This week we expanded our garden. We tilled up another 1600sq ft+ patch. It was super satisfying--no tiller problems, and I trained a participant on how to use the tiller. Slowly we are expanding the number of people who are comfortable using gardening and farm equipment.
I've been working with more volunteers--it's great training people and expanding the reach of the garden. Potato beetle larvae were creeping up on our potatoes, but a volunteer and I combed through and squished them all. If we keep on top of it we can keep the population down. It was a great time to revel in the wonders of horticultural therapy--while we worked we talked about the origins of the universe, and how we might be all star particles. I like thinking about it because it is another way to connect with plants.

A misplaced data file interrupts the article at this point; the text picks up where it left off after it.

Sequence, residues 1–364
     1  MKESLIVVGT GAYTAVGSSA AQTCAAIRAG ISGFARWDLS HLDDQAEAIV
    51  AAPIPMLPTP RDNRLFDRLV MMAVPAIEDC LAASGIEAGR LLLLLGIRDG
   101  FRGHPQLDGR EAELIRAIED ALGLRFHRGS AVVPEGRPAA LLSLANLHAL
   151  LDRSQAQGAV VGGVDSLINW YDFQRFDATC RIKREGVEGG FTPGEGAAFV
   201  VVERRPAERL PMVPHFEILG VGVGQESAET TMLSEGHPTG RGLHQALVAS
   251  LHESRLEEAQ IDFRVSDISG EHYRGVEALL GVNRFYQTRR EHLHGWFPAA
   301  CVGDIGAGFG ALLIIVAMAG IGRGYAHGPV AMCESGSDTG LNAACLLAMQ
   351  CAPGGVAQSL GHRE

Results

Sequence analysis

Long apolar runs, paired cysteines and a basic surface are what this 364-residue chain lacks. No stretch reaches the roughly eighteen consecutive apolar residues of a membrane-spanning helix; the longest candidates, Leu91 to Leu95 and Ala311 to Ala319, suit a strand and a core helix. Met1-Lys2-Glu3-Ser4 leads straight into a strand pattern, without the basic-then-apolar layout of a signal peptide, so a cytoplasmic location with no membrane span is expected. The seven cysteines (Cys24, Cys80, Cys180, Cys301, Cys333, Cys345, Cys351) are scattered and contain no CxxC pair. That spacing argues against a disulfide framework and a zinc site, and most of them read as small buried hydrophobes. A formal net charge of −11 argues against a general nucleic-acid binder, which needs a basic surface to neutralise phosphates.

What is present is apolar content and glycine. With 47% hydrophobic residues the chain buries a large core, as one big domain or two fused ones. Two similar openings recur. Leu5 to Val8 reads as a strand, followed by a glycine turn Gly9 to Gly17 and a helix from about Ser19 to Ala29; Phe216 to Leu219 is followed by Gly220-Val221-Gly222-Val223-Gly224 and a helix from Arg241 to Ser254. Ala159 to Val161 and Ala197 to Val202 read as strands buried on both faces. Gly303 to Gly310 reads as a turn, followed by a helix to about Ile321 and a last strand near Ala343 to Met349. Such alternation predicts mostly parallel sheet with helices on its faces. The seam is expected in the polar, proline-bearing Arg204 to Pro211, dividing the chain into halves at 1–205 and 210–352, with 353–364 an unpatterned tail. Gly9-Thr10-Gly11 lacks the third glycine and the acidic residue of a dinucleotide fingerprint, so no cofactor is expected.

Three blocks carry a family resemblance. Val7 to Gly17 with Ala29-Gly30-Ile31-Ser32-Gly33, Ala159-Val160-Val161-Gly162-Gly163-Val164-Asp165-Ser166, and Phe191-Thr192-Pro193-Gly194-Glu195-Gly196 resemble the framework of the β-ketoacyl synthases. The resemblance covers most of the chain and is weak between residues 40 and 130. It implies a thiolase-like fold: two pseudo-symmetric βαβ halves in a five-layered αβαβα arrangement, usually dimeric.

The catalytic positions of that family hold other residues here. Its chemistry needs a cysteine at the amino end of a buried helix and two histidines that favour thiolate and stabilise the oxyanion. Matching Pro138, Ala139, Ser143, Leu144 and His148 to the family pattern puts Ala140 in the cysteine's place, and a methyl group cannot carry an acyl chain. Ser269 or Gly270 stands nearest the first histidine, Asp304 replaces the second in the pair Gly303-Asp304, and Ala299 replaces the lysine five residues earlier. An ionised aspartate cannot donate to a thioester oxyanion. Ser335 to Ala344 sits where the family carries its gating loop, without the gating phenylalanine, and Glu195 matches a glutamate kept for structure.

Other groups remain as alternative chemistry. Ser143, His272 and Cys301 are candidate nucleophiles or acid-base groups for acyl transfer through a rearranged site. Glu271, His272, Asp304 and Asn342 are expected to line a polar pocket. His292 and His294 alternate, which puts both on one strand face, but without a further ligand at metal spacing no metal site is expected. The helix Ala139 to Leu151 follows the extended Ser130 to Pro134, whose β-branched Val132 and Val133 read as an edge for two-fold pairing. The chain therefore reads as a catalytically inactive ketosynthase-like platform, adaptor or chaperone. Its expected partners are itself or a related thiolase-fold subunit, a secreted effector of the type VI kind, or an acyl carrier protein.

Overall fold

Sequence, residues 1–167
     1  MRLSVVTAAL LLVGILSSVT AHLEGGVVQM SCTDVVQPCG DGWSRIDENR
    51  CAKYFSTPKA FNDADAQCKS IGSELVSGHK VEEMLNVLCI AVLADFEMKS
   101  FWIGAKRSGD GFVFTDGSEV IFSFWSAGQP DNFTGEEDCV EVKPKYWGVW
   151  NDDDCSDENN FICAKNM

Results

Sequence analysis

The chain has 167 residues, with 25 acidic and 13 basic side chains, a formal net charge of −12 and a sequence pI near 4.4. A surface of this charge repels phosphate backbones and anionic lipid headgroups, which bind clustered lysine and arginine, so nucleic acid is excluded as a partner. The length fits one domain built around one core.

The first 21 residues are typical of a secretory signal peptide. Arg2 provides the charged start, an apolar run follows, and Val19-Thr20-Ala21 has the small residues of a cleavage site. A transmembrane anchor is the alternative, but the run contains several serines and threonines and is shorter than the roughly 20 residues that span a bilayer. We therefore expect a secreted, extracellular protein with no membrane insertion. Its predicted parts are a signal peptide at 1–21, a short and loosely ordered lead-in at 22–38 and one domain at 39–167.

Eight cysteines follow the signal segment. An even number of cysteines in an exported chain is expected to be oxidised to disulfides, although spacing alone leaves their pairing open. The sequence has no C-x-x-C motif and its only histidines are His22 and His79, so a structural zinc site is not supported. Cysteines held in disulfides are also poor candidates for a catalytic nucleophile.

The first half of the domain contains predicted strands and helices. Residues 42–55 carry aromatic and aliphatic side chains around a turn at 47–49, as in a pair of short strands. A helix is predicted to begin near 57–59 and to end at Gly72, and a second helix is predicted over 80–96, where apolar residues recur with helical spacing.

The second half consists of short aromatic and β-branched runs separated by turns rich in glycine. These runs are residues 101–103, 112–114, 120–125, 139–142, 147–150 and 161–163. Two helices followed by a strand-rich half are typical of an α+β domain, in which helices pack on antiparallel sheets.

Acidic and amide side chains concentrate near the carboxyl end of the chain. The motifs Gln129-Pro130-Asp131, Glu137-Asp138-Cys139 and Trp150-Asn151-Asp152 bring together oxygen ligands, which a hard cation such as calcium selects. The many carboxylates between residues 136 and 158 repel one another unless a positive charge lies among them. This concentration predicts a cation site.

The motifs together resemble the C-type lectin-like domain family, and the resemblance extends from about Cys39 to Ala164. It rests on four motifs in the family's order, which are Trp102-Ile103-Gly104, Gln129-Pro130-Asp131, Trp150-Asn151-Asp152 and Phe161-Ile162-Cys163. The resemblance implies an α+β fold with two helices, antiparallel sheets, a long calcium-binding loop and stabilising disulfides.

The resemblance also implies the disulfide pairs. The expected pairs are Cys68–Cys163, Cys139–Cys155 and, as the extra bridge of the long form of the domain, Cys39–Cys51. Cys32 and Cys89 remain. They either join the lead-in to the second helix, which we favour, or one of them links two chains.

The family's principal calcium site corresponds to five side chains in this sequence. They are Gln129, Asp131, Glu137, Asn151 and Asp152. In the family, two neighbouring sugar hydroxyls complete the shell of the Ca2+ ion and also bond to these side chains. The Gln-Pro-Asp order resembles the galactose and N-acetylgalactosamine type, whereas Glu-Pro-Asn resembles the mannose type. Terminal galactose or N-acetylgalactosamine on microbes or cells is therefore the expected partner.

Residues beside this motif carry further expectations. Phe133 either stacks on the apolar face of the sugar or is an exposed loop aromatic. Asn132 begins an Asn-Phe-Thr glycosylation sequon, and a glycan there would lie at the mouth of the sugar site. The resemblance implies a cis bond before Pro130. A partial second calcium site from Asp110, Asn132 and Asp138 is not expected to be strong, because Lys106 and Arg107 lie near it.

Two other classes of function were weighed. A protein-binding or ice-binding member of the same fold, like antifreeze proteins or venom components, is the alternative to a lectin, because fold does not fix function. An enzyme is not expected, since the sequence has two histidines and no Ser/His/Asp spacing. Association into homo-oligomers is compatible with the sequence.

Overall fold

In a way they are our parents, feeding on flaking star minerals in the soil--having this fun conversation with a volunteer connecting plants and space was a great way to enjoy the pleasures of the garden while still getting work done. I also like that I can make people see that the garden is a space for people of all different interests, and horticulture is worthy of a more prominent place in our lives than people think--here a physicist and a gardener could have an interesting conversation while talking about the mysteries of biodynamics and vitamins and minerals, not to mention the origins of life.
We planted sweet potatoes and peanuts with a group of girls from the YWCA summer camp. They made some wonderful scarecrows for us, too.
Some of the plants got sizzled because we watered them when it was hot--we are having trouble figuring out the best way to water our garden, what with the lack of onsite staff and irrigation equipment. So are some of our participants, who lack access to water near their garden. Quite a conundrum. We have a lot to think about.